Table 1 Primary outcomes and college mentorship mediator.

See Measures section of Materials and Methods for greater detail on the individual measures, including citations for established scales.

CompositeIndividual measuresNo. of itemsSample item
Career satisfaction and success
(individual measures standardized
and averaged; α = 0.77)
Job satisfaction (α = 0.89)8“I enjoy going to work.” 1 = strongly disagree;
6 = strongly agree
Workplace belonging uncertainty
(r = 0.52)
2“When something bad happens, I feel that maybe I
don’t belong at my workplace.” 1 = strongly
disagree; 6 = strongly agree
Self-rated percentile success to date1“Using a percentile rank, assess your current level of
success compared with other [school] alumni from your
class.” 0% to 100%
Self-rated percentile potential to
succeed in the future
1“Using a percentile rank, assess your potential,
compared with other [school] alumni from your
class, to succeed in the future.” 0% to 100%
General psychological well-being
(individual measures standardized
and averaged; α = 0.77)
Subjective happiness (α = 0.89)4“In general, I consider myself...” 1 = not a happy
person; 7 = a very happy person
Life satisfaction (α = 0.80)5“In most ways my life is close to my ideal.”
1 = strongly disagree; 7 = strongly agree
Perception of life stress as
overwhelming (α = 0.85)
4“In the last month, how often have you felt that you
were unable to control the important things in your
life?” 1 = never; 5 = very often
Physical health (individual measures
standardized and averaged;
α = 0.71)
Self-reported general health (α = 0.80)5“My health is excellent.” 1 = definitely false;
5 = definitely true
Sick days (reverse coded)1“In the past 3 months, how many days of work or
school did you miss due to illness?” open response:
numeric
Doctor visits (reverse coded)1“In the past 3 months, how many times did you go
to the doctor?” open response: numeric
Community involvement and
leadership
(summed to yield 0 to 16 scale)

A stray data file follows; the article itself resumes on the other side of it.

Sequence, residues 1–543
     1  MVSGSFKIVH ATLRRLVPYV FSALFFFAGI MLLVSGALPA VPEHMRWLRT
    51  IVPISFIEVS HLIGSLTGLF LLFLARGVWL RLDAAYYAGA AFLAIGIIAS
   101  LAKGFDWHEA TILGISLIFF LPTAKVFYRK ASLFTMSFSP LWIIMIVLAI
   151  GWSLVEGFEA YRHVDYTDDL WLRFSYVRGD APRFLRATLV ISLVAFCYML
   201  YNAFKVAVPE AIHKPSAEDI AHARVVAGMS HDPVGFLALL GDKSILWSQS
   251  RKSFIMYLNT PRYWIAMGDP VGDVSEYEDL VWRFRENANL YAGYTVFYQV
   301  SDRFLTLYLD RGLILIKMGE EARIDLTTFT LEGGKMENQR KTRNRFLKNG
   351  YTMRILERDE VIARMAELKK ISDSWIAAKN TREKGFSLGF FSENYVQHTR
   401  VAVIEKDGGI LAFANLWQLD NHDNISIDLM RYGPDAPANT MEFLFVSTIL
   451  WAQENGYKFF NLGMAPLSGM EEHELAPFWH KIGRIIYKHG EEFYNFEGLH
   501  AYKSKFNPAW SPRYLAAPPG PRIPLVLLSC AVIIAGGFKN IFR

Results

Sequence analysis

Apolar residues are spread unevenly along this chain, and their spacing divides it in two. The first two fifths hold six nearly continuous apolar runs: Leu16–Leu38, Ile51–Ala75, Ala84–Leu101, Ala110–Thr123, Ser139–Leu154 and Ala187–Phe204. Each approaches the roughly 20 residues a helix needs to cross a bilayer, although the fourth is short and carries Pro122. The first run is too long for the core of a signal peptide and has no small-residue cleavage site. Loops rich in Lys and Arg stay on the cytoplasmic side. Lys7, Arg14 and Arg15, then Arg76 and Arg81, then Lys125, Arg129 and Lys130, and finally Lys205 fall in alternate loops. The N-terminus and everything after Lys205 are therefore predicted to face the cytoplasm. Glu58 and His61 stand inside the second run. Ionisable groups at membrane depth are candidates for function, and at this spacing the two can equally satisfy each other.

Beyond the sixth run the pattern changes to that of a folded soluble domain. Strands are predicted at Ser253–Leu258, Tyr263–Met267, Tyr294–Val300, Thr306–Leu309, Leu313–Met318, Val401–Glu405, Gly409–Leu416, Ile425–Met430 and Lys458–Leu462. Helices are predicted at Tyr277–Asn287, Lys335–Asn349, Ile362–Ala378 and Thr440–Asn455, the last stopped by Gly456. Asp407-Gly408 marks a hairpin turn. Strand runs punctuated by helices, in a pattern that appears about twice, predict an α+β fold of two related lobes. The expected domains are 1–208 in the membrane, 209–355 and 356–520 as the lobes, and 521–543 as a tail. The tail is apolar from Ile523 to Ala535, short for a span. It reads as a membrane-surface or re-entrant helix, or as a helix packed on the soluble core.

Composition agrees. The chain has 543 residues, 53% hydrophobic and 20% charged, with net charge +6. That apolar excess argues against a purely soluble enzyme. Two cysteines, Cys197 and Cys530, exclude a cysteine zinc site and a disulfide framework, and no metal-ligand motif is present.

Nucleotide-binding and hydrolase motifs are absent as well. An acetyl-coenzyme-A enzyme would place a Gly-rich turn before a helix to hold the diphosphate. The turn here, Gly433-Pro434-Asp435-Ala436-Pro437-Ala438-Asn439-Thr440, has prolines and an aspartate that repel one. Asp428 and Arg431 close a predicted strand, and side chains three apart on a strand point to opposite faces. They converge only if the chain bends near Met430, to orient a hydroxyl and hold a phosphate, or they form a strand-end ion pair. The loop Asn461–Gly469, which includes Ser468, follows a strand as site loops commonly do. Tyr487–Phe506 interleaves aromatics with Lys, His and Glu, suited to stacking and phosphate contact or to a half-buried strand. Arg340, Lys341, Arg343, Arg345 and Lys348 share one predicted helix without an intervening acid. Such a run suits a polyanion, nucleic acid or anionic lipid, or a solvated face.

Number of areas very involved in (up
to eight)
2“Since [you received your undergraduate degree],
to what extent have you participated in [eight
different types of activities, e.g., sports/games,
cultural/identity organizations, religious,
professional]?”count of activities involved in “a lot”
Number of areas in which a leadership
position was held (up to eight)
“Have you held a leadership position in any of these
activities?” count of activities indicated “yes”
College mentorship (individual
measures standardized and
averaged; α = 0.61)
Had a general mentor during college1“While you were an undergraduate, was there
anyone associated with [school], other than fellow
undergraduates, to whom you could turn for
support, advice, or encouragement when you faced
a problem or difficulty in or out of school?” yes/no
Had an academic mentor during
college
1“While you were an undergraduate, did anyone
associated with [school], other than fellow
undergraduates, take a special interest in you and
your academic development?

yes/no
Whether academic mentorship
continued after college
1After having identified an academic mentor they
had in college, participants were asked: “When did
you receive mentorship from [this college]?”
selected “mentorship continued after graduation”
or did not
Importance of “most meaningful”
college mentorship
1“How important to you was the [most meaningful
mentorship you received during college]?” 1 = not
very important; 5 = extremely important